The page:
ww2dbaseWhile the Letter of Commendation noted that Burke, "with utter disregard for his personal safety,... efficiently organized the evacuation of endangered personnel. His courage together with his prompt and efficient action was responsible for saving these men...."

ww2dbaseBurke remained in the role of Mitscher's Chief of Staff until Jun 1945.

ww2dbaseAfter WW2, Burke reverted to his permanent rank of captain. In 1949, he was promoted to the rank of rear admiral.

ww2dbaseDuring the Korean War, Burke served as the Deputy Chief of Staff to Commander Naval Forces, Far East and personally commanded Cruiser Division Five. In Jul 1951, he was named as a member of the United Nations Truce Delegation which negotiated for the armistice. After returning to the United States, he served as the Director of Strategic Plans Division of the Office of Chief of Naval Operations until 1954. In Apr 1954, he commanded Cruiser Division Six, then in Jan 1955 the Destroyer Force of the Atlantic Fleet.

ww2dbaseIn Aug 1955, Burke was named the Chief of Naval Operations, selected over other candidates more senior than he. Accompanying the assignment was a promotion to the rank of admiral, a jump of two grades. He served three terms as the Chief of Naval Operations, which was unprecedented. After completing his third term, he retired from the US Navy on 1 Aug 1961.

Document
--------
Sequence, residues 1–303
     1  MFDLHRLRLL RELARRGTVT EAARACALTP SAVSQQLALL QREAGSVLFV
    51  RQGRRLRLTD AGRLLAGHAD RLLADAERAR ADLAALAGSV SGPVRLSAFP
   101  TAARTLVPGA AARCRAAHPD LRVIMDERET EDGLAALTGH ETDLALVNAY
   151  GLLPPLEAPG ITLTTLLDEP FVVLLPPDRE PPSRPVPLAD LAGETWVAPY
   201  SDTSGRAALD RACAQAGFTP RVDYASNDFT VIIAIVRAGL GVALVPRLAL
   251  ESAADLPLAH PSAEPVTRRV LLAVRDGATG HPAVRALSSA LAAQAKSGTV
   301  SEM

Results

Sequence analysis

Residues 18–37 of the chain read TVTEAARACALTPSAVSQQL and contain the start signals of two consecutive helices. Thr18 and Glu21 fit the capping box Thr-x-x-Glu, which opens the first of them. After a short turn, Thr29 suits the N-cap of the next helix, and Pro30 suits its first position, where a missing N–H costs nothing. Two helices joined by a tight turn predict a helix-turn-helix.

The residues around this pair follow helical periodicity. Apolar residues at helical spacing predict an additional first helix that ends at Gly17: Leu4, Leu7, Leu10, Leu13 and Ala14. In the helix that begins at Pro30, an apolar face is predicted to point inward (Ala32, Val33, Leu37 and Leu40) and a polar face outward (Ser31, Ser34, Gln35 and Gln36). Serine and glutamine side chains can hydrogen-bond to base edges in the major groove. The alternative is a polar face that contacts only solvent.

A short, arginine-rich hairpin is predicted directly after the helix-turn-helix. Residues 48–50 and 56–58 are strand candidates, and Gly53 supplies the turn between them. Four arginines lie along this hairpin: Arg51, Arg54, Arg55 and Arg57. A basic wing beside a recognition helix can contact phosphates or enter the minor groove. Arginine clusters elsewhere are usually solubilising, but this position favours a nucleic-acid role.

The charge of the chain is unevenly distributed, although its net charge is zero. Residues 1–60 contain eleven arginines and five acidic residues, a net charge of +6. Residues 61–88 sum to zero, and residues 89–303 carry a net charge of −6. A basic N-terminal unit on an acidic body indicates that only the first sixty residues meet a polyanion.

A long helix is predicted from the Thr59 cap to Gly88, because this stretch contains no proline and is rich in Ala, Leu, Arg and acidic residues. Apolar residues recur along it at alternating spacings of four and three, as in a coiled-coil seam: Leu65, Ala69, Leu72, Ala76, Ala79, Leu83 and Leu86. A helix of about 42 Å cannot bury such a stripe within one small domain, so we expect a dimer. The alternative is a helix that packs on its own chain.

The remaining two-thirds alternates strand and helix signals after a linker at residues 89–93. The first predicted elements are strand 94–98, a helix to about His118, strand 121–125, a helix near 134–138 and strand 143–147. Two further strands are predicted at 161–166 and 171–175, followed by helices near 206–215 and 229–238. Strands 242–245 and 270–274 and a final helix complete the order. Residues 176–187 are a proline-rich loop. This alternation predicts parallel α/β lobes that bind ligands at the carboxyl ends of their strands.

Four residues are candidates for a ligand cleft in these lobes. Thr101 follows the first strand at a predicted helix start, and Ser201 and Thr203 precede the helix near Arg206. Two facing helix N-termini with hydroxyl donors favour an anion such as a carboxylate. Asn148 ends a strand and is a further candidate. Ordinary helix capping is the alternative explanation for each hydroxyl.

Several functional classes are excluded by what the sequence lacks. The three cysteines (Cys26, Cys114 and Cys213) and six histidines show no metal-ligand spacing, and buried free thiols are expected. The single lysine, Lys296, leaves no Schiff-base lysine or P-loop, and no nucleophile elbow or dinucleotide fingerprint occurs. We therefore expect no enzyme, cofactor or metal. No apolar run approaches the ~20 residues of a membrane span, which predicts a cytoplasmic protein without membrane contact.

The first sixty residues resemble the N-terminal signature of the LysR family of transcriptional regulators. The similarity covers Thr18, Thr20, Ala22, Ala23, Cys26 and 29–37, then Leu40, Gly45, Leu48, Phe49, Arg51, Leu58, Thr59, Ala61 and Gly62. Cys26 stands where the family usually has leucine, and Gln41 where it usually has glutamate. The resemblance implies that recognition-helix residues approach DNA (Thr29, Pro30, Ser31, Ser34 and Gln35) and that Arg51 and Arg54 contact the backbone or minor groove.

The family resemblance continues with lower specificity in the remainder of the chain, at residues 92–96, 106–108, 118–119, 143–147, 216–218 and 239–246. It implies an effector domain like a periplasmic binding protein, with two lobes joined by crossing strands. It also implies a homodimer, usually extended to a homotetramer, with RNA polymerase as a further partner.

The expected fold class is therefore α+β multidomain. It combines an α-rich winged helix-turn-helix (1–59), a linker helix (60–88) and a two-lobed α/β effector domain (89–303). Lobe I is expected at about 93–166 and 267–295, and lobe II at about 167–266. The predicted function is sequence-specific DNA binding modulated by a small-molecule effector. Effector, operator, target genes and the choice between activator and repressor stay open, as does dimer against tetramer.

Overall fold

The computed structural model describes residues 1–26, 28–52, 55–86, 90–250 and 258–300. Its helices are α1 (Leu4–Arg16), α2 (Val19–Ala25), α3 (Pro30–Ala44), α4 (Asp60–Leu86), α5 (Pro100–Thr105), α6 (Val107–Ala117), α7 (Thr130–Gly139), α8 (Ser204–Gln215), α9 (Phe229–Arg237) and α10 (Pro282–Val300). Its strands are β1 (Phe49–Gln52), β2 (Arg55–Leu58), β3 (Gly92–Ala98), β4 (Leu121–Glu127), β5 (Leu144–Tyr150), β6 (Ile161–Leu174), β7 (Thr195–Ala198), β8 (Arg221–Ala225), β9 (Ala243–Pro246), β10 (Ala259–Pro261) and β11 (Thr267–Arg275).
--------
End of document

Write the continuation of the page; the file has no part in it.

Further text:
ww2dbaseIn 1962, with David Abshire, Burke co-founded the think-tank Center for Strategic and International Studies in Washington, DC, and remained its chairman until 1977. He went on to become a board member to several major businesses, including the Newport News Shipbuilding and Drydock Company and Texaco Oil. In 1973, he was sent to Sweden as the senior representative of the United States at the funeral of King Gustaf VI Adolf. He passed away in 1996 at National Naval Medical Center in Bethesda, Maryland. He was buried at the cemetery at the Hospital Point at the United States Naval Academy, with an eulogy delivered by President William Clinton.

ww2dbaseSource: United States Navy Naval Historical Center.

Last Major Revision: Sep 2007

Arleigh Burke Interactive Map

Arleigh Burke Timeline

19 Oct 1901 Arleigh Burke was born.
1 Jan 1996 Arleigh Burke passed away.


Portrait of Midshipman Burke, 1920Ensign Burke posing by the 14-inch guns of USS Arizona, 1923Portrait of Ensign Burke, Los Angeles, California, United States, fall 1923Crew of USS Arizona
See all 95 photographs of Arleigh Burke

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More on Arleigh Burke
Event(s) Participated:
» Solomon Islands Campaign
» New Guinea-Papua Campaign, Phase 3
» Okinawa Campaign

Ship(s) Served:
» Bunker Hill
» Mugford

Arleigh Burke Photo Gallery
Portrait of Midshipman Burke, 1920
See all 95 photographs of Arleigh Burke

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"With Germany arming at breakneck speed, England lost in a pacifist dream, France corrupt and torn by dissension, America remote and indifferent... do you not tremble for your children?"

Winston Churchill, 1935